Alternatively, radiation losses may be controlled by controlling the intensity across the line. Diffraction from such a pattern or mask yields an intensity pattern distribution in the liquid crystal layer 16 given by ##EQU4## 2. This can be matched with the parabolic distribution essential for minimizing radiation losses, so that: ##EQU5## where the first two terms of the induced diffractive distribution are equated with the desired parabolic distribution. If X = KAP, the diffracting aperture radius can be adjusted so that ##EQU6## A is the aperture radius, K = ##EQU7## and P is the beam size at the layer 16. Therefore, a parabolic variation in the index of refraction can be established according to a desired set of (r) and (a) values to induce a line in the layer 16 with a variation in the index of refraction that is close to that desired.
Referring to FIG. 4, a laser beam scanner 42 is substituted for the film 28. Laser beam scanners are well known in the art for providing a pattern generated in real time. Suitable laser beam scanners 42 are disclosed in, "Electrically Controlled Acoustic Beam Deflection", Proc. IEEE, January 1967. R. C. Addison et al.; "Laser Beam Scanning For High Density Data Storage And Retrieval", CBS Labs Report by L. Boiser, June 1967; and IBM News Release 7-16-66, "IBM Reports Scanning Laser Controlled By Electron Beam". The optical beam is directed to the input of the laser beam scanner 42. The laser beam scanner 42 is driven according to x and y related signals by drive circuits 44 and 46. The x and y coordinates are in the plane of the liquid crystal layer 16 and voltages can be established with relation to some reference, e.g., the center of the transducer device where x = y = o. The laser beam position could then be expressed as follows:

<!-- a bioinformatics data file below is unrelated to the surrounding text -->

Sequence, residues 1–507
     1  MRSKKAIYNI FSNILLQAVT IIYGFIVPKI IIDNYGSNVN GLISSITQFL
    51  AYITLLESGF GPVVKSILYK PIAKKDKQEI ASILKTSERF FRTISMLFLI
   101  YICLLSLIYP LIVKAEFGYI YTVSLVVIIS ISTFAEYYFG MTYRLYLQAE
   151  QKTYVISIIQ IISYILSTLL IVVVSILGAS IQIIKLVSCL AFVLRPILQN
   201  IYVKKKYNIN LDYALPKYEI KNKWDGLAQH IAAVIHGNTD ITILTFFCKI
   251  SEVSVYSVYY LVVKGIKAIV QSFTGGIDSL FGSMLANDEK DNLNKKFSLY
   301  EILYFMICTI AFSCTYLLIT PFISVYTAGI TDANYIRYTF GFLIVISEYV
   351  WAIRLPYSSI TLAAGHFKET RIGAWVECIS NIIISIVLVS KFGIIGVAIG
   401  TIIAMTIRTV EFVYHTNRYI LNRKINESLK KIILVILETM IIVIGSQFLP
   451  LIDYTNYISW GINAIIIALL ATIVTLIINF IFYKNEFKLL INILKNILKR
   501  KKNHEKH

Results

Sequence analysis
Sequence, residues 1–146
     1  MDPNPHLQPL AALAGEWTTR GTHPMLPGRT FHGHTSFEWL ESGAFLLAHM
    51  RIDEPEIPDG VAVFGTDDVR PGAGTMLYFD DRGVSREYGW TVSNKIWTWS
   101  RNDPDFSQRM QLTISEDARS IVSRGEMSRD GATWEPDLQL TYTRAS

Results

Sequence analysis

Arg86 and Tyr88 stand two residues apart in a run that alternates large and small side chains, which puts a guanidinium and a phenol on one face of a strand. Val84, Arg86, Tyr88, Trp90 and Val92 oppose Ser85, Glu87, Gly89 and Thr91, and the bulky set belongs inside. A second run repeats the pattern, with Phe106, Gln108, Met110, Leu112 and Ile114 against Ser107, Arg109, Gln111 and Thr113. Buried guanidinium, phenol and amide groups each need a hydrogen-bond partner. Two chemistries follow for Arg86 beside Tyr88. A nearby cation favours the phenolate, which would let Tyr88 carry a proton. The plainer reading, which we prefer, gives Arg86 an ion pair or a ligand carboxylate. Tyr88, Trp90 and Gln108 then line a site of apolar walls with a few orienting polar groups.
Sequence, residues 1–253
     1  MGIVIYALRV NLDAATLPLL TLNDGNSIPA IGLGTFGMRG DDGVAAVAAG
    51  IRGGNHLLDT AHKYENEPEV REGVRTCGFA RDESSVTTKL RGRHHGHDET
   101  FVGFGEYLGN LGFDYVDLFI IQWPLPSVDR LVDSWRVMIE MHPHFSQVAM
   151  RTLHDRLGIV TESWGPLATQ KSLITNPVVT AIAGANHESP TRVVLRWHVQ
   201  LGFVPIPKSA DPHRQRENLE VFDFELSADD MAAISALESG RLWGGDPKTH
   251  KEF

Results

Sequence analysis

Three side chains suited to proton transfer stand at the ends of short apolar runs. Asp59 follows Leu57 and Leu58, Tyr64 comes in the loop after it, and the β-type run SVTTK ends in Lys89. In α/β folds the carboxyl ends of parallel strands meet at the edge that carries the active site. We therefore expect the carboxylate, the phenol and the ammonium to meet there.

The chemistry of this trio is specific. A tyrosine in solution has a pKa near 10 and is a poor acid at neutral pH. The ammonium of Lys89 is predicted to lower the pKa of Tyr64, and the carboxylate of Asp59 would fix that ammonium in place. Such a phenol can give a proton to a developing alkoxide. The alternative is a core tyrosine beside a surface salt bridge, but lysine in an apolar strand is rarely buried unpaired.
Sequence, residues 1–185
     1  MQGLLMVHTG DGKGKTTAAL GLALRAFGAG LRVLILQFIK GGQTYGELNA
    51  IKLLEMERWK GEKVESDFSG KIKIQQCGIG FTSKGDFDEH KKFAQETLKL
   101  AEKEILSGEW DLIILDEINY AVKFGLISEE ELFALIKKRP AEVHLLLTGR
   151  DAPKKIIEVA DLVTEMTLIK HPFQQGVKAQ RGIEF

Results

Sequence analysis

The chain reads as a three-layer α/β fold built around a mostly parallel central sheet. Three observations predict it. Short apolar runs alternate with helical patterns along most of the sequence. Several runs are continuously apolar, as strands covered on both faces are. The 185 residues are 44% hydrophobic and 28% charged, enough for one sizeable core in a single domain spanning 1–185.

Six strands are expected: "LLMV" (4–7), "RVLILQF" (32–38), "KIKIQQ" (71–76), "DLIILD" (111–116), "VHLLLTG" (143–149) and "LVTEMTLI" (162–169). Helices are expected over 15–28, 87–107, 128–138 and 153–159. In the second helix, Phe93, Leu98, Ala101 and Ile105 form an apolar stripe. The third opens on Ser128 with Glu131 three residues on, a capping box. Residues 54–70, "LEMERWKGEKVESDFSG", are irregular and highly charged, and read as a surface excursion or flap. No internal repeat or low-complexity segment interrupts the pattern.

x = constant times f1 (t)
y = constant times f2 (t)
The functions f.sub. 1 (t) and f.sub. 2 (t) are time functions which are combined parametrically. For example, when each is expressed by sinusoidal variations of the same frequency and a phase difference of zero degrees exists between them, a straight line is generated whose angle with the vertical depends upon the magnitude of each signal. There are many possible combinations of signals possible, the foregoing being one example.
The laser beam scanner 42 may advantageously include a lens (not shown) so that the beam may be focused in the plane of the liquid crystal layer 16. In this case the pattern will have an approximate line width as follows: ##EQU8## where λ, a, and f are the laser wavelength, incident beam radius, and lens focal length, respectively.
Referring to FIG. 5, an exploded view of a transducer device 14A is illustrated with one conducting glass electrode removed for clarity. An active device 48, e.g., a prism, a lens, a diffraction grating, etc., or a plurality of these, may be mounted within the plane of the liquid crystal layer 16 as integral part thereof. The mask or film employed with such transducer device 14A may advantageously include simple straight lines for optically interconnecting the active device 48 to the desired optical fibers 34. It is apparent that the pattern to be induced in the liquid crystal layer 16 is previously determined to anticipate the induced guide connections in this modification of the invention.
Referring to FIG. 6, an injection laser or LED or other source of optical energy 50 may be mounted in the plane of the liquid crystal layer 16 as an integral part thereof. The laser or LED 50 is driven by a conventional drive oscillator 52. The laser or LED emits light into the plane of the layer 16 and directs light toward the desired optical fibers 34 in accordance with the optical pattern formed in the photoconductive layer (not shown). The active device 48 of FIG. 5 and injection laser or LED 50 may be combined and interconnected with one another or other integrated optical components, and may be used with fixed or hard wired optical circuits 54 as desired, see FIG. 7.
Referring to FIG. 8, a dynamic scattering region 55 is induced in the liquid crystal layer 16 as previously described, but with an applied voltage greater than that required for birefringent circuit generation. Under these conditions, the liquid crystal loses its birefringence and develops a light scattering characteristic often called the dynamic scattering mode. Light entering the layer through the optical fiber 34 is transferred to one or more other fibers 34A. The informational modulation arriving via the fiber 34 is simultaneously transferred to other fibers 34A by scattering. This mode of operation for the real time circuit generator is particularly desired when an incoming signal is to be coupled to several other, otherwise independent fibers or channels. When operated in the scattering mode of operation, the device as structured is known as an optical coupler, particularly useful in systems which require many transmit-receive stations.